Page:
The nature of work is changing. President Trump may have vowed to bring jobs back to America – but does this take into account the upcoming wave of automation that could throw a spanner in the works? Today, it’s more important than ever that anyone setting out to ensure their organization is appropriately skilled to navigate the choppy waters of digital transformation, understands how data, artificial intelligence and automation are going to impact what they do.
Democratization of technological and data-driven enterprise are themes that are on everyone’s lips. We’ve seen how top-down transformation, directed by business leaders working together with data scientists on strategically-aligned initiatives has the potential to create efficiencies, better understand business processes and predict problems before they occur. At least, if you are one of the still small number of businesses which is managing to do so successfully, you have.
But imagine how much greater the potential for change could be if it could spontaneously emerge anywhere in an organization. When everyone has access to the tools, skills and knowhow to harness tech to do their job better, or drive efficiencies, then a workforce looks better equipped to deal with the challenges of the future.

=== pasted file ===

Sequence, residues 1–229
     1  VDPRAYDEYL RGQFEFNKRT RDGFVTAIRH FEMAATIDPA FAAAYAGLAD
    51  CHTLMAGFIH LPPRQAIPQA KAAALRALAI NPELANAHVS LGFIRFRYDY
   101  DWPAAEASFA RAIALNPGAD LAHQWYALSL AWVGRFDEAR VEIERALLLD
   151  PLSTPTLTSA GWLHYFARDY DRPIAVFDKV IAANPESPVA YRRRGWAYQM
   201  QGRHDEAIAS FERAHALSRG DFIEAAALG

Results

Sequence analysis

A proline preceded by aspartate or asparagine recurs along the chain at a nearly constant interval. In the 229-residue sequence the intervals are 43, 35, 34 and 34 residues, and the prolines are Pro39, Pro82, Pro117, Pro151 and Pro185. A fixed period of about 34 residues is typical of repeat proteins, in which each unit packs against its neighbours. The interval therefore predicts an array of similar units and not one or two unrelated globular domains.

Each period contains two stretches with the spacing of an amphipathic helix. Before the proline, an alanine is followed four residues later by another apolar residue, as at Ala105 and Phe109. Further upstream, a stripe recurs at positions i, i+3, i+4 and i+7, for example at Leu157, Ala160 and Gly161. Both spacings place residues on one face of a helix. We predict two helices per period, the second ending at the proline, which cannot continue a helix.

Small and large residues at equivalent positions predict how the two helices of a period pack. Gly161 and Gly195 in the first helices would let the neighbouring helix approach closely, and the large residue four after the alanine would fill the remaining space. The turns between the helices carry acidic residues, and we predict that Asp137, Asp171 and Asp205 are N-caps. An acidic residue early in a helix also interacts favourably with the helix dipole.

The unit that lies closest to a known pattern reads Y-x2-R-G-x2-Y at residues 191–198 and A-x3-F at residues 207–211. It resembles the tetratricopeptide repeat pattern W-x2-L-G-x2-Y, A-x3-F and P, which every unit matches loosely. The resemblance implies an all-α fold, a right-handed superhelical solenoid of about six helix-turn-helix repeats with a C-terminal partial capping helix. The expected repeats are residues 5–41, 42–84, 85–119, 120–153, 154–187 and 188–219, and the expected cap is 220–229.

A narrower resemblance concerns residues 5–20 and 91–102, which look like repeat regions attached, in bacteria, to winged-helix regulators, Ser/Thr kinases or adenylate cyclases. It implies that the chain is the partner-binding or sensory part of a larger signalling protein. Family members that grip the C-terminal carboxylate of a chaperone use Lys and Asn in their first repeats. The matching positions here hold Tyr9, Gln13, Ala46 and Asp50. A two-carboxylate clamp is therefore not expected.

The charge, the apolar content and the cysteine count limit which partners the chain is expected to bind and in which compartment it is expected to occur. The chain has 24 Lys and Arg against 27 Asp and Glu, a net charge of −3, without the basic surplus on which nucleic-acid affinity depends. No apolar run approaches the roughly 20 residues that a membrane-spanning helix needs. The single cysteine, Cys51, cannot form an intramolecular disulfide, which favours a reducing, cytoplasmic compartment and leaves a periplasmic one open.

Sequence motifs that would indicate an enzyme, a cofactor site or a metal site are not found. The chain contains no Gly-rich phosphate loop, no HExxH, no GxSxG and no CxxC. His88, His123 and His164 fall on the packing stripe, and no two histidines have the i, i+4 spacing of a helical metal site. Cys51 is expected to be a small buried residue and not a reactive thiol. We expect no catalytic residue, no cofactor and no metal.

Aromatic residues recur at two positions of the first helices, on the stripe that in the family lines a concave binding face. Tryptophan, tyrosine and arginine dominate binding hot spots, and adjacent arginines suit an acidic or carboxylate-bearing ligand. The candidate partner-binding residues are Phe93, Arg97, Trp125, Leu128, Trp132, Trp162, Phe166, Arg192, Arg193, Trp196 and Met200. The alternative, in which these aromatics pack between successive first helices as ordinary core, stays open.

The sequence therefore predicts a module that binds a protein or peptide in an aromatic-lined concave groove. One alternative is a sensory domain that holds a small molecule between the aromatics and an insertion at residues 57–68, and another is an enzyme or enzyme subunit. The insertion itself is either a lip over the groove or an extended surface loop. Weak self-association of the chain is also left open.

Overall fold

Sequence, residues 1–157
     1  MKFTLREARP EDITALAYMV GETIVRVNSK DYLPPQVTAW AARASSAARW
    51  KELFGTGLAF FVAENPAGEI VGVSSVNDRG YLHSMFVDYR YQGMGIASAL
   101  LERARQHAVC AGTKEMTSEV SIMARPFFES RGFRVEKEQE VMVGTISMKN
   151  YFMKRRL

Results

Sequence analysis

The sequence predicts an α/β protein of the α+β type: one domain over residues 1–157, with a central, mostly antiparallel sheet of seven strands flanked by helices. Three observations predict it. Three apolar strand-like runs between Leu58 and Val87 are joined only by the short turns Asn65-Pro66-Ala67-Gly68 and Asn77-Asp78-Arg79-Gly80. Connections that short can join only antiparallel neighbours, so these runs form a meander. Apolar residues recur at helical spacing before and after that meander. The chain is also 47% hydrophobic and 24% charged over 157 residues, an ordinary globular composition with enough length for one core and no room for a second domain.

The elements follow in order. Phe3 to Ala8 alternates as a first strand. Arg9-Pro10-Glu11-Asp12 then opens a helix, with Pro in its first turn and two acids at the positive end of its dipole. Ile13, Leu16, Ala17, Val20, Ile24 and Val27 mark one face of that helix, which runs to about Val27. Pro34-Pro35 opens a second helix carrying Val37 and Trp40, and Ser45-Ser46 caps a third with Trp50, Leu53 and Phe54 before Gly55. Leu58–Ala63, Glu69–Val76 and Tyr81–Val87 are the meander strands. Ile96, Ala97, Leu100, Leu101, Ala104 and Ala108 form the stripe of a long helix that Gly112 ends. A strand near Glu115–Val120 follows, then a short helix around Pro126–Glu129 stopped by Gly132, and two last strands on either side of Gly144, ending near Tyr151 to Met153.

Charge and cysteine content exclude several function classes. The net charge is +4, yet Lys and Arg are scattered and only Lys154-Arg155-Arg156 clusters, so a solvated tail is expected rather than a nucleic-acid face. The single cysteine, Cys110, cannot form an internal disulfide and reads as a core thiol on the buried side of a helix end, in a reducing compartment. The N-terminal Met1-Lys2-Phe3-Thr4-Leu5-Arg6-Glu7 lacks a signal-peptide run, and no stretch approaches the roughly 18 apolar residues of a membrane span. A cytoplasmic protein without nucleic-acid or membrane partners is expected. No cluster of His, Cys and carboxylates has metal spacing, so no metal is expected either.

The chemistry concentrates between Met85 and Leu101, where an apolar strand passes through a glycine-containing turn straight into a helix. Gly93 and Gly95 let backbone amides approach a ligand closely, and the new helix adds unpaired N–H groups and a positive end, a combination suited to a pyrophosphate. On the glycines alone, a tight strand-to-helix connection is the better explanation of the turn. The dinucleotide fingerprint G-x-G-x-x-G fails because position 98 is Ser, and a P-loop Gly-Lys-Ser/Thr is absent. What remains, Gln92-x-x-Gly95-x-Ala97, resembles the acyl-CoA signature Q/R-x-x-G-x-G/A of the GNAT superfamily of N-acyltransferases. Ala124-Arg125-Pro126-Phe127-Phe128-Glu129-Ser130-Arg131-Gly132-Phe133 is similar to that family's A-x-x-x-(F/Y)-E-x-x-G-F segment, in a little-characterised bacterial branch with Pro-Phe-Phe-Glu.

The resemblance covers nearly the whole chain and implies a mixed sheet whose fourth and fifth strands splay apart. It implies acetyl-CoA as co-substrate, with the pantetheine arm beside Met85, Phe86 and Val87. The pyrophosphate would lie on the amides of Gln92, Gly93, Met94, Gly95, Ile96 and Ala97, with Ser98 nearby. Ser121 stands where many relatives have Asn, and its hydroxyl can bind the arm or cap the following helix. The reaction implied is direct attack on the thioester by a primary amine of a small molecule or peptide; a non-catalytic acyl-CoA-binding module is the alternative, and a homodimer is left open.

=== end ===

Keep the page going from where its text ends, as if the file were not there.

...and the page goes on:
This thinking is shared by Infor CEO Charles Phillips – and was the driving force behind the software company’s decision to establish its Educational Alliance Program. The initiative involves rolling out its training program into colleges and leveraging its customer and partner networks to supply students with placements and, eventually, jobs. The philosophy is that tech and coding vocations should be positioned more like trades than elite, white collar professions. Given the move towards platform infrastructure and as-a-service toolsets, it is no longer necessary to have an Oxbridge or Ivy League academic background in computer science or statistics to effectively drive data-driven transformation within an organization. It’s just a question of getting that message out there to IT, tech and STEM students or professionals who may be wondering what their next move should be, to ensure they are viably skilled for a place in the workforce of tomorrow.
Infor CEO Charles Phillips tells me “Our assumption is that pretty much every business is going to become a digital business to some degree. So even if you’re not a computer science or tech major, you need some exposure to learn how to use and apply technology.
“You should be learning this in college, and then you’re going to be a much better contributor no matter what you do.”
There’s also an understanding that there’s a lot more to tech than coding – a wide range of other skills are becoming valuable within any organization with a digital agenda, such as configuration, installation and implementation skills, along with QA and customer support.
This has always been the case but is clearly now more true than ever, thanks to the ever-growing choice of platforms and infrastructure provided “as-a-service”.
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